Cummins keen to close out French

Thu, 12 Jun 2014 12:33
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After the hammering recived at the hands of the Wallabies, the French are the type of team that will ferociously bounce back warns the Honey Badger.

After the hammering received at the hands of the Wallabies, the French are the type of team that will ferociously bounce back warns the Honey Badger.
The French team have made a staggering 10 changes to their line up with the bigger stars slotting into their usual positions.
For Ewen McKenzie’s men this can only mean a storm is brewing as both teams prepare for their second encounter at Etihad Stadium in Melbourne on Saturday.
Wallabies winger Nick Cummins is far from complacent having seen what the French are capable of in the first 15 minutes of the Brisbane Test.
Cummins said the Wallabies expect France will try to emulate their fast, aggressive and potent start again this week and they certainly don’t expect them to lose their gusto as they did in Brisbane.
For the Honey Badger it is about more than 'weathering the storm' in the beginning of the match and matching Les Blues for intensity from the kick-off.
Cummins believes the team that begins poorly will be the one that is left picking up the pieces when the final whistle blows.
"That storm usually lasts a good 20 minutes or more. But you can’t just go out there to weather it," Cummins said.
"You have to go out and meet them with the same, if not more, just to offset the impact.
"We know it’s coming. Obviously it can go any way in that first 20 minutes. It’s a real battle.
"There is a lot of pressure at that point in the game, and That’s when blokes are lining up and running as hard as they can. 
"Like any team off the back off a loss, they get ridden hard at training, won’t want to go through that again, and will rip in."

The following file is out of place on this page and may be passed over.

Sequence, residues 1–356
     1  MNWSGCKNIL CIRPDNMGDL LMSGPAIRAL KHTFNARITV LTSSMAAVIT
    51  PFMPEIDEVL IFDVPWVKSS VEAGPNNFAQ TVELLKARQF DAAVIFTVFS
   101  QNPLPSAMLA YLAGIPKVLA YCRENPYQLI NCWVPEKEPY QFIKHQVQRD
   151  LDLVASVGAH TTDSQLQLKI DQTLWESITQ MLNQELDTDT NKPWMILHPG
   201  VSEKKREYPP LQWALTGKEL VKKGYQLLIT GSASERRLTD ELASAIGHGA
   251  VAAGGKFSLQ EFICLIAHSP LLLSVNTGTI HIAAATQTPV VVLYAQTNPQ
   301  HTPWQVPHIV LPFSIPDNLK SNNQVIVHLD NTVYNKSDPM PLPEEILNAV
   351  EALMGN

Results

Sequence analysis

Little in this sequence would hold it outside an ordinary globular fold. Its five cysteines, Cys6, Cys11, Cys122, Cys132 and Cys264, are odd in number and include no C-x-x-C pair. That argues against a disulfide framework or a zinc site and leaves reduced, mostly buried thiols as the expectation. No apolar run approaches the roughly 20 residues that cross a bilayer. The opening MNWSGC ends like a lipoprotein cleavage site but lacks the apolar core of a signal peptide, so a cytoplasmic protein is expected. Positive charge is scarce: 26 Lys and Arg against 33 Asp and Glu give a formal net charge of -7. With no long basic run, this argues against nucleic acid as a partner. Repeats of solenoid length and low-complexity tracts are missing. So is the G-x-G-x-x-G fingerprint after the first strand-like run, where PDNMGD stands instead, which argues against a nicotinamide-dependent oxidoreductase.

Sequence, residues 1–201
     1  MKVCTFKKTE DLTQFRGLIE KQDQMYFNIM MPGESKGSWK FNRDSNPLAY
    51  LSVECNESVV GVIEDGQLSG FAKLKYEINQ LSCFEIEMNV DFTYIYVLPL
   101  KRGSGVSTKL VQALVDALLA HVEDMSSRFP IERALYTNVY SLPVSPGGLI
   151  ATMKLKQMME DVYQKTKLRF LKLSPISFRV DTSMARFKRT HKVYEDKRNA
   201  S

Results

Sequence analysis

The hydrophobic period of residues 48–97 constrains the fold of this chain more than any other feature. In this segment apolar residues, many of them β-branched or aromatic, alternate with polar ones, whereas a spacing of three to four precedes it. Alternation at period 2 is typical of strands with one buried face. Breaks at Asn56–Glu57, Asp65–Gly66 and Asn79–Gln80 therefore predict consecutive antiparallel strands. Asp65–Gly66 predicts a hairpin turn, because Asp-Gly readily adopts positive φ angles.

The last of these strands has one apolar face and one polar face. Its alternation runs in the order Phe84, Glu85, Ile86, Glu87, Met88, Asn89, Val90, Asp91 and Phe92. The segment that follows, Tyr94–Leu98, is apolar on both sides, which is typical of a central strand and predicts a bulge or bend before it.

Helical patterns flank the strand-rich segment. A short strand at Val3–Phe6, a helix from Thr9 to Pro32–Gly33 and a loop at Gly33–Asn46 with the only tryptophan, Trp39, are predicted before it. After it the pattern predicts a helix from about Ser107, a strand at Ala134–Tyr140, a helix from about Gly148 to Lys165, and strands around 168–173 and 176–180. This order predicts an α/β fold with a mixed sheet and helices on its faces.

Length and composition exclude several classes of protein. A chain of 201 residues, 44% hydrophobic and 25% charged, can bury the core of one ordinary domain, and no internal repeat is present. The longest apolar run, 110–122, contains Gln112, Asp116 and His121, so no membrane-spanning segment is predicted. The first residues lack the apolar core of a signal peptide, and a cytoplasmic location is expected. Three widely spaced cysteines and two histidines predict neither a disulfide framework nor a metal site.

Cummins said the Wallabies have worked hard this week on tightening their defence in expectation of what the French may dish out, especially against their prowess in off-loading in contact.
"It’s pretty crucial, because they’re quite nippy on their feet, particularly their backs," Cummins said. 
"Bringing them down the right way so they can’t get those off-loads they are so good at is going to be crucial for us."
Cummins expects the French to rely heavily on their off-loading style, especially if they run more directly at the Wallabies, as is expected with their changes.
"It seems to be something they have done pretty much in all their games," he said.
"It seems to be their mode of play. They’re effective at it and they get a lot of metres from it. They can scare some good teams."
It is an area of the game Cummins knows he will have to address when he again confronts French winger Yohann Huget.
"He likes to get that half-gap through, hold them off, then off-load, and then he ends up scoring the try 50 metres down the field."
Cummins said the Wallabies, who are chasing their sixth win in a row, are reaping the benefits of continuity in selection. 
"You get synergy with certain players because you know where they’re going to run and where they’re going to be," he said.
"Sometimes I did certain switches with Israel Folau, and it happened on the weekend.
"I just knew what he would be doing and I knew where he would be. Little things like that develop as blokes are selected in the same team repeatedly."
Cummins believes the Wallabies are becoming more proactive and less afraid about making mistakes under coach Ewen McKenzie.
"I would agree with that – it seems to feel that way," the winger said.
"If something goes down at training and you’re a bit rattled about it, at lunch he [McKenzie] might go, ‘How are you going?’ and you say, ‘Yeah, good, I’m just a bit filthy. I dropped that ball’.
"And he goes, ‘That’s all right. You flush that.’ He goes, ‘You’re here for a reason. You’re better than that. We believe in you. So flush that and keep going’.
"He’s not just waiting for you to stuff up."